Appreciate the chill, vibey, and upbeat tone on [Counterfeit]. The style captures that indie pop-inspired sound blended with alt-rock and dream pop elements. It makes for a hooky, lush, and lively vibe that's easy to follow through... Appreciate the simple melodic textures as well as the catchy progression. Recalls the likes of Day Wave, Turnover, Local Natives, Real Estate, etc.
“Chameleana is a record of blurred edges and compounded influences, of memories doused in twilight and the slight shiver of a cool evening breeze. Pop theatrics exist comfortably alongside more subdued folk wanderings and burly rock movements. "
- Joshua Pickard, Features Editor,
Beats Per Minute
What do you get with Jason's music? Unflinching, unapologetic positivity. Not to mention a good time.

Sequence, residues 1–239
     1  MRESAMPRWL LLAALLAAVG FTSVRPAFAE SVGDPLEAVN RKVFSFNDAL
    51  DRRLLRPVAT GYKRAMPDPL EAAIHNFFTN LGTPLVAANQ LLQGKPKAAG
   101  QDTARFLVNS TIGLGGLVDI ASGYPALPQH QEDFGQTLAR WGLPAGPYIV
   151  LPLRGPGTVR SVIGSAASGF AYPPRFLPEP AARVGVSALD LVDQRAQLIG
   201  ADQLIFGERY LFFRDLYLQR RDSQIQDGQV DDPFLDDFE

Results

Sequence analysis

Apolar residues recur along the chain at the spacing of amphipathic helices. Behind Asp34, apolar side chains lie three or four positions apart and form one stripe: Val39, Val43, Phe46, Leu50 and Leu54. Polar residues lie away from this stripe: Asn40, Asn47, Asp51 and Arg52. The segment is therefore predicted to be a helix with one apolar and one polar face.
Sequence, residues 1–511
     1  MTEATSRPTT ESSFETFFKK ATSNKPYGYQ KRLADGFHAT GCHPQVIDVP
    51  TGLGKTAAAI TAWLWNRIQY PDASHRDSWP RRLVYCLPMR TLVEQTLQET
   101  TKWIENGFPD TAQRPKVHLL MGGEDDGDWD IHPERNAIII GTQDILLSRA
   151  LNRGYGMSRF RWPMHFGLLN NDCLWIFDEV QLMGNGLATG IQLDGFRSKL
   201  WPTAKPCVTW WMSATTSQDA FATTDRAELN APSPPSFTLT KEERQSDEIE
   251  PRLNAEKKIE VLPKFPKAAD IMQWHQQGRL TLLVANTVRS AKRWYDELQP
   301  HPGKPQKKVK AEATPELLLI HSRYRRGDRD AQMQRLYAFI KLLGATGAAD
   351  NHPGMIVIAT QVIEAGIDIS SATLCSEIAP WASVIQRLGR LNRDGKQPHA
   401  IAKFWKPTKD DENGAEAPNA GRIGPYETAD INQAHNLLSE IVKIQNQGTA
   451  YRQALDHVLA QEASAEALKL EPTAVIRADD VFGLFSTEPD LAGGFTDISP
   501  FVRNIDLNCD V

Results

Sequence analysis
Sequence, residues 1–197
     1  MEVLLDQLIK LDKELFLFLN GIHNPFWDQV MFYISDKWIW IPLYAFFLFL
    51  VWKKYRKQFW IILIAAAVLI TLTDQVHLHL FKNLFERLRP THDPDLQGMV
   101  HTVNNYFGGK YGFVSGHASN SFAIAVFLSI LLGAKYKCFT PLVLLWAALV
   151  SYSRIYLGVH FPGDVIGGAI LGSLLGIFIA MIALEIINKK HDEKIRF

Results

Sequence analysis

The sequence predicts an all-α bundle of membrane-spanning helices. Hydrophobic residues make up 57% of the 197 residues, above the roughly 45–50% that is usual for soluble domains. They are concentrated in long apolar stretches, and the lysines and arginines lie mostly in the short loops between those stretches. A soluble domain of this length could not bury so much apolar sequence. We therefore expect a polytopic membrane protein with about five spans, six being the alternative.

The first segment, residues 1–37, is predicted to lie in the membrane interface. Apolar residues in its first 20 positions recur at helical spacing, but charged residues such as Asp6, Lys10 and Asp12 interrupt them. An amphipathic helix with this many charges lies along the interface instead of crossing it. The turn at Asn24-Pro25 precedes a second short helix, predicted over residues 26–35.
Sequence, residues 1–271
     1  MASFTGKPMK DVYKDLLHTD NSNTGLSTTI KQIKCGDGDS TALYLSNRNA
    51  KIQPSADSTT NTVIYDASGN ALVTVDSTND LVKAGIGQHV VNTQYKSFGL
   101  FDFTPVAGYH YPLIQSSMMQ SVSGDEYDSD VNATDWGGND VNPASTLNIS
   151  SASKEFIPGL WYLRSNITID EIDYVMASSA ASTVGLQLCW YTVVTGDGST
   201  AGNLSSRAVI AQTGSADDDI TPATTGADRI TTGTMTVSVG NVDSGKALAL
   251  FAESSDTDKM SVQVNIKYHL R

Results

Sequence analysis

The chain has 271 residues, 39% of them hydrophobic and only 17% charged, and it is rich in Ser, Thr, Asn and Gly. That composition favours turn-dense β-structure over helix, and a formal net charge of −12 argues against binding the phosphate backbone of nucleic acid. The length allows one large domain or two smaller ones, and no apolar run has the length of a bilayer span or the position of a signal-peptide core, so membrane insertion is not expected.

Jason Lyles has always been interested in what lies between genres – in that gray area where sounds tangle together and kick free of any sense of restriction or confinement. Whether it’s the sharp twang of an acoustic guitar blended with the emphatic thrust of some euphoric power-pop echo, or the tumbling movements of mid-90’s alternative rock spliced with 80’s jangle-pop, he has a unique ability to graft musical histories together in a way that doesn’t feel forced or disconnected. And he brought this gift to various bands in and around Chattanooga, Tennessee, developing a preternatural knack for how to operate within the band format while also working on material which grew from his own experiences and struggles.
Rather than allowing his musical roots to become inextricably intertwined in the geography of his personal history, Jason Lyles grants his creativities a welcome freedom to roam and explore the fringe of some well-worn genres, discovering new ways to impart humor and ache through song. His words – created through the lens of specific moments in time – convey universal sentiment without wallowing in overt sentimentality. Resting comfortably somewhere between the wiry pop classicism of The Cars and the twangy rock thump of Jason Isbell, the music of Jason Lyles rambles around its influences, creating a luminous bridge between the tumbling aesthetics of pop, folk, and rock.